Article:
I call on the sponsor(s) of this Bill to withdraw it and attend to important issues. This Bill is an attempt to introduce the primitive Taliban ideology into Nigeria. It is dead on arrival.
Inibehe Effiong is a Legal Practitioner based in Lagos.

Strictly Personal

When the lenders come calling, govt will do worse than Nalule by Joachim Buwembo

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When the now 40-year-old Gertrude Nalule lost her husband in a car crash a couple of years back, a bleak future stared at her with her seven children, five of them biological. But her good neighbours in the Kampala suburb of Namungona came to her rescue and contributed to having a modest house built for her, though not to perfect completion. An apparently good neighbour offered her a small loan of Ush3 million shillings (less than $1,000) to boost her groceries business.

But soon after contracting the debt, Covid-19 struck and the business collapsed. The neighbour demanded his money and amidst painful toiling, Nalule kept paying bits amounting to what she had borrowed. But she hadn’t reckoned with what is now called a mbaata (duck) agreement in Kampalaspeak, agreement moneylenders now prefer, were like a sitting duck, the borrower is made to sign a document declaring that they have sold their property to the lender at a sum much higher than that disbursed.

Nalule had signed a mbaata agreement to the effect that she had sold her home for Ush10 million (about $3,000) and the neighbour wanted “his” house and plot since she had defaulted on the loan. He tried to make her accept a couple of millions to complete the “sale” and she refused to take it. He went to court, which ruled in his favour, and Nalule was sentenced to prison for six months for defaulting. After serving two months in jail, her story ran on NTV, catching the attention of the indefatigable Prime Minister Robinah Nabbanja, who stormed the country’s main prison of Luzira.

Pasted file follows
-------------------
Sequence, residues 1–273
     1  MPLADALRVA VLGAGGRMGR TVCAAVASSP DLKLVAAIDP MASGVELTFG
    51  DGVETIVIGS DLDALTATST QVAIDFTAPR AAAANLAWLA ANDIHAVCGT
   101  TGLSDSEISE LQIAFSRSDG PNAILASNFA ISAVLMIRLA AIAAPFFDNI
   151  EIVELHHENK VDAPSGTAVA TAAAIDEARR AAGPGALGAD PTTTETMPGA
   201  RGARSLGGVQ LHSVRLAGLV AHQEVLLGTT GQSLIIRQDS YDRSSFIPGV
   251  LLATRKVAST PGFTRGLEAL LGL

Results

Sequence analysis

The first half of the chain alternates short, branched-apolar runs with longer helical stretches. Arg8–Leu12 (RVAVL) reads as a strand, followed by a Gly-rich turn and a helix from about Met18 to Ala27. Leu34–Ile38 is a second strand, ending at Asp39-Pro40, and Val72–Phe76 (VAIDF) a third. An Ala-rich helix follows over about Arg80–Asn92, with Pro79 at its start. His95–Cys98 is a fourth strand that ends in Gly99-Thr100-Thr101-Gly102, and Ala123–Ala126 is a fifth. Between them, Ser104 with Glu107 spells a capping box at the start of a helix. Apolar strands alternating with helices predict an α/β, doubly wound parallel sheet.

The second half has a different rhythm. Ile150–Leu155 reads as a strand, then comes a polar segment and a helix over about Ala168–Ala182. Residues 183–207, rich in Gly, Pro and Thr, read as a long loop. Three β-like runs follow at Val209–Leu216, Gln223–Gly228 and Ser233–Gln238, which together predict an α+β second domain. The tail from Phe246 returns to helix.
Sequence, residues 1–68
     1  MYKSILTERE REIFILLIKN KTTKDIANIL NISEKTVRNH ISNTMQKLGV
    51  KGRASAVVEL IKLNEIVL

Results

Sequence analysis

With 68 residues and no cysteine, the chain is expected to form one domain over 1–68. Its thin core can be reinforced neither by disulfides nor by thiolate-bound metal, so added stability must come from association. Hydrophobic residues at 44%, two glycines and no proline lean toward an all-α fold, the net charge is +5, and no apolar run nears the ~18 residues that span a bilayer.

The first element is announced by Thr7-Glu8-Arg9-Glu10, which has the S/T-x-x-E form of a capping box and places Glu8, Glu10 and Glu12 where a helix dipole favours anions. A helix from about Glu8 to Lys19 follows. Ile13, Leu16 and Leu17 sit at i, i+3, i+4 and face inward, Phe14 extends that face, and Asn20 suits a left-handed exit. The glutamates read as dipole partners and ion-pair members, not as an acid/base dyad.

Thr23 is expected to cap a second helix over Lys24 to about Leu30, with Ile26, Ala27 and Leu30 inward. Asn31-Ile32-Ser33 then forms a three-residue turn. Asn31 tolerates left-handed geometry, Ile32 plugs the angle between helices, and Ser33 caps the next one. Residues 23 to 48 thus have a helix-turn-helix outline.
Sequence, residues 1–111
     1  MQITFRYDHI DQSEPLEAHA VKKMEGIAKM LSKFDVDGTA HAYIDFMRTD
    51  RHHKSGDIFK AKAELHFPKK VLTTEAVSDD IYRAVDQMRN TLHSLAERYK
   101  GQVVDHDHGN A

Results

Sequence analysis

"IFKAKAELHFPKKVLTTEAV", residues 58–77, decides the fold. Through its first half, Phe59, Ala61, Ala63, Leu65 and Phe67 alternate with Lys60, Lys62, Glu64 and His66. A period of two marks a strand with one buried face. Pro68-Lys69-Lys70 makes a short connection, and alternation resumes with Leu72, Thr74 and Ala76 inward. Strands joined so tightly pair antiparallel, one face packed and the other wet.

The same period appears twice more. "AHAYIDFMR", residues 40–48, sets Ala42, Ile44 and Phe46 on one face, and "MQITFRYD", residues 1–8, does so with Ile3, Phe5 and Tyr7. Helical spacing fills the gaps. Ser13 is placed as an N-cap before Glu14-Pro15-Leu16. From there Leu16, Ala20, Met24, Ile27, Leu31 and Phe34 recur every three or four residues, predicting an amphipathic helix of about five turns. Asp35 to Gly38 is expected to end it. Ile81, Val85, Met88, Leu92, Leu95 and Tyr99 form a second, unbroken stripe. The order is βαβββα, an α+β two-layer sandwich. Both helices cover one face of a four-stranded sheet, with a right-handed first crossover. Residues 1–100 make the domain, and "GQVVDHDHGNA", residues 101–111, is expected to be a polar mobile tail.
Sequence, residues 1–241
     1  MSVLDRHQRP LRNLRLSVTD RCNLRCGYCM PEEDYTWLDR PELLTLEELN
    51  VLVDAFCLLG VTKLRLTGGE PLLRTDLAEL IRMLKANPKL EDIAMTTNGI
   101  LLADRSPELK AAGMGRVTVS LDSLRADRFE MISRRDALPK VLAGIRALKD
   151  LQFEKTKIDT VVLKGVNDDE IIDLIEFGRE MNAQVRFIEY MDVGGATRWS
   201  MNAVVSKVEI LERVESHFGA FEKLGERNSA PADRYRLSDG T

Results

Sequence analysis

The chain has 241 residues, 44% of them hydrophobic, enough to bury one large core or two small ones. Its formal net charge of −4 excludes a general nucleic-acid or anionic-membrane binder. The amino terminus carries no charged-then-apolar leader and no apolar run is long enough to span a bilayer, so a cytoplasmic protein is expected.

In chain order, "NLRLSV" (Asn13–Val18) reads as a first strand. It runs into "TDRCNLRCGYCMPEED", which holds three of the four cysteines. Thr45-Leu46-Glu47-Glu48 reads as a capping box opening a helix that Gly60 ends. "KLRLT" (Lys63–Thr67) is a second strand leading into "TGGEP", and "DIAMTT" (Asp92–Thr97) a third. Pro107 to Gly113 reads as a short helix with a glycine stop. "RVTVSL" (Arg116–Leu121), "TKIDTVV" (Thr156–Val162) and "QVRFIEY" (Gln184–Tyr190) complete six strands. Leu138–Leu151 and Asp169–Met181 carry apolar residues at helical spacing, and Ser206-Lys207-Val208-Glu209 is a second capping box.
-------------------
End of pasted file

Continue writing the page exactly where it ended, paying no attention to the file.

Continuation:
Rotting in prison

Nabbanja discovered to her horror that besides Nalule, about 650 other women are also rotting in prison after signing mbaata agreements. Nabbanja swiftly paid off some Ush2.5 million, which the money lender said Nalule still owed in interest, and secured her release.

But even as Nalule cried in relief calling Nabbanja “mother” and “saviour” as she was driven in an official car to go a reunite with her children, she and the prime minister were in for a rude shock. The money lender insisted the home was his and demanded that Nalule’s wretched family (the eldest girl of 17 had missed her O’level final exams while the middle one had missed her primary leaving exams as a result of the mother’s imprisonment) quit immediately. Nabbanja caused a session with the magistrate who had the jailed Nabbanja and yes, he insisted that Nalule surrenders the house, that the law is the law. The prime minister with the victim were left with the mbaata sitting on their chest.

The prime minister’s woes were not about to end. Chief Justice Owiny-Dollo was furious with her tampering with the independence of the judiciary. A statement was immediately issued assuring the judicial officers of his support both in private and public. A couple of days later, the chief justice used the occasion of a judiciary conference to put the prime minister in her place. He explicitly told her to use her zeal in more useful endeavours like supervising the Executive’s non-performing projects including a power dam that closed two months after commissioning. And so on the Nabbanja bashing continued.

‘Duck’ agreements